Tunable inductors are used as frequency control elements in communication systems allowing communication networks to be used in different frequency bands. Variable inductors can be used to alter the resonant frequency of inductor-capacitor tanks used in voltage controlled oscillators and other RF circuits and to control bandwidth and cutoff frequency of tunable filters.
In power systems, tunable inductors can change the impedance of matching networks during operation, allowing load matching for more efficient power delivery. But true precise and continuous tuning of inductors is difficult to attain and current approaches only allow a handful of specific inductance levels to be obtained.
In order to create an inductor with true tunability, Army researchers have devised a microelectrical-mechanical system (MEMS) inductor which comprises a magnetic core with an air gap. In order to vary the inductance, the inductor includes a tuner that is moveable relative to the magnetic core in the vicinity of the air gap.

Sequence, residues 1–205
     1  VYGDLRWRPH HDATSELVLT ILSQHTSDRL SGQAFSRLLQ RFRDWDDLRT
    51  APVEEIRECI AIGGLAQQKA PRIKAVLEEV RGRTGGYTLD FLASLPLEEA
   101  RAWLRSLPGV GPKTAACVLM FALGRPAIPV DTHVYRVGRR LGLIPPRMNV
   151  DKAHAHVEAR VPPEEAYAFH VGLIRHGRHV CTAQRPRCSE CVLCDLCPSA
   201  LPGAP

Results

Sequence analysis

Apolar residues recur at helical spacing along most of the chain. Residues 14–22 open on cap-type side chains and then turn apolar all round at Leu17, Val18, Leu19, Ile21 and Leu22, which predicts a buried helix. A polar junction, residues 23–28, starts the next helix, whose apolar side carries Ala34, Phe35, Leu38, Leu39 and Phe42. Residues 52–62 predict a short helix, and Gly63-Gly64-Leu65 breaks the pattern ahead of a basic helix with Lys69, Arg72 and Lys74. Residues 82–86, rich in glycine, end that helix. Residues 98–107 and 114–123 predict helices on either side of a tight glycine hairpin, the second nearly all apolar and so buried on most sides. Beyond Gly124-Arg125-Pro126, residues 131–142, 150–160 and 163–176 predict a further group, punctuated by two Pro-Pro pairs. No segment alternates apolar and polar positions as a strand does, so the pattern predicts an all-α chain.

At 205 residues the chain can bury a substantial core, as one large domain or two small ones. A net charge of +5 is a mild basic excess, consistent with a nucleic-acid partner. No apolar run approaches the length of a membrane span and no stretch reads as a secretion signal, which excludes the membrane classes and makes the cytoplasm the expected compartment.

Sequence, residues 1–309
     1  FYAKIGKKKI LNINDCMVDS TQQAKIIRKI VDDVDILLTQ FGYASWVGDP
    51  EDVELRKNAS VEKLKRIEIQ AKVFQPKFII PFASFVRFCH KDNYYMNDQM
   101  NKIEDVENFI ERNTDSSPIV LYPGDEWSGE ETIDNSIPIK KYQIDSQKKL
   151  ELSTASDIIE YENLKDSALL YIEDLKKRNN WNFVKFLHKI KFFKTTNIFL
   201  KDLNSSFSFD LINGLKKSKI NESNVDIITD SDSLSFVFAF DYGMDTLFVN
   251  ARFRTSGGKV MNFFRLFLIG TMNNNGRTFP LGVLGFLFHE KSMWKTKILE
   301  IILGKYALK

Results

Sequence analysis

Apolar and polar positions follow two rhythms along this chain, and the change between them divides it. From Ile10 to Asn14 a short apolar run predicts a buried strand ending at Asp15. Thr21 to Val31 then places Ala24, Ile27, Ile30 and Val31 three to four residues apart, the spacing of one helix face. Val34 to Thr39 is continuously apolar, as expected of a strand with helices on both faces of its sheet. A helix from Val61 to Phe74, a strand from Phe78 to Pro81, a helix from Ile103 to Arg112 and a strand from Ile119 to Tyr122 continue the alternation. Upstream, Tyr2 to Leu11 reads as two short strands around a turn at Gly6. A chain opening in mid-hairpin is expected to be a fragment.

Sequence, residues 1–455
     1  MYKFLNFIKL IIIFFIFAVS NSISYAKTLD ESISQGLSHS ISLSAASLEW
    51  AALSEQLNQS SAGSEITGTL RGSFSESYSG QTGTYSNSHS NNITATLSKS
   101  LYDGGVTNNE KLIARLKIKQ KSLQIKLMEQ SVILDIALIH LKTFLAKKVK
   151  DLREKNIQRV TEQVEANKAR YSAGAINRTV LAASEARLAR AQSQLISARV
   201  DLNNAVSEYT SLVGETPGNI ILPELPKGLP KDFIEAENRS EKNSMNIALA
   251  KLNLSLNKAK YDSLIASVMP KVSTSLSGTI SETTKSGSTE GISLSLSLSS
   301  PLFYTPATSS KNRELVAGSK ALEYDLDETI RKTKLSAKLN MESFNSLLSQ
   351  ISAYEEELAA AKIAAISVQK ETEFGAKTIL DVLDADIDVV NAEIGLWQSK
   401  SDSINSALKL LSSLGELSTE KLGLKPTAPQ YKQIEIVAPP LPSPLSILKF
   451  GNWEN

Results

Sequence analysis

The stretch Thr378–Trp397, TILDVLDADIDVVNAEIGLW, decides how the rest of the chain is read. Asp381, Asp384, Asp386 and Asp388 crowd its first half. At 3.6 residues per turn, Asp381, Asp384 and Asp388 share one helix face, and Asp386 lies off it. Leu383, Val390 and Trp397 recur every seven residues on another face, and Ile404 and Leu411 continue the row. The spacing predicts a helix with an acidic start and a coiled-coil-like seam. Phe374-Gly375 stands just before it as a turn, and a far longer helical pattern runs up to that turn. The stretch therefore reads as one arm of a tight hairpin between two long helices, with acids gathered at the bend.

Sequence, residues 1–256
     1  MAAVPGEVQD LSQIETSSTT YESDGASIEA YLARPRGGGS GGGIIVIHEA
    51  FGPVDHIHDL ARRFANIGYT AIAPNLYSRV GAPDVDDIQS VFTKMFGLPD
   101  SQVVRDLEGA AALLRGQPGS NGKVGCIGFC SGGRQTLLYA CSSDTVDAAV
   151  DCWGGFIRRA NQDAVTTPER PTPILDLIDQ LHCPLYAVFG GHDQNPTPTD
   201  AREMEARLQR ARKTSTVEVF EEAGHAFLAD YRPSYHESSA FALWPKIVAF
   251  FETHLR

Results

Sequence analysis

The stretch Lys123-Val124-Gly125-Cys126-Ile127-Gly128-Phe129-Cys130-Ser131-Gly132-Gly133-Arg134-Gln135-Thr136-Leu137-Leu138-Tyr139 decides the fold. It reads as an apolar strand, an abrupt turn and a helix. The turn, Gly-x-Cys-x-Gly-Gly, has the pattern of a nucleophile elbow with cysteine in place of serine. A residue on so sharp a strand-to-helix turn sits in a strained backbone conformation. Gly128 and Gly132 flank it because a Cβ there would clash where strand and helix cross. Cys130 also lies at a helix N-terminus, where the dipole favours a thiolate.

An actuator is attached to the tuner which moves the tuner relative to the magnetic core. The variation of the spacing between the tuner and the magnetic core varies the effective air gap and thereby the inductance. This tunable inductor allows for a tuning ratio an order-of-magnitude greater than that of conventional tuning inductors.
- This novel MEMS inductor provides a tuning ratio in the hundreds, whereas conventional inductors have about 1-5 ratio
- Since this single tunable inductor can provide a greater tuning ratio, it can eliminate or reduce the need for multiple inductors within a given system
- This architecture may enable smaller, lighter, faster, and more energy efficient (lower loss) inductors
- US patent 9,583,250 available for licensing
- Potential for collaboration with Army researchers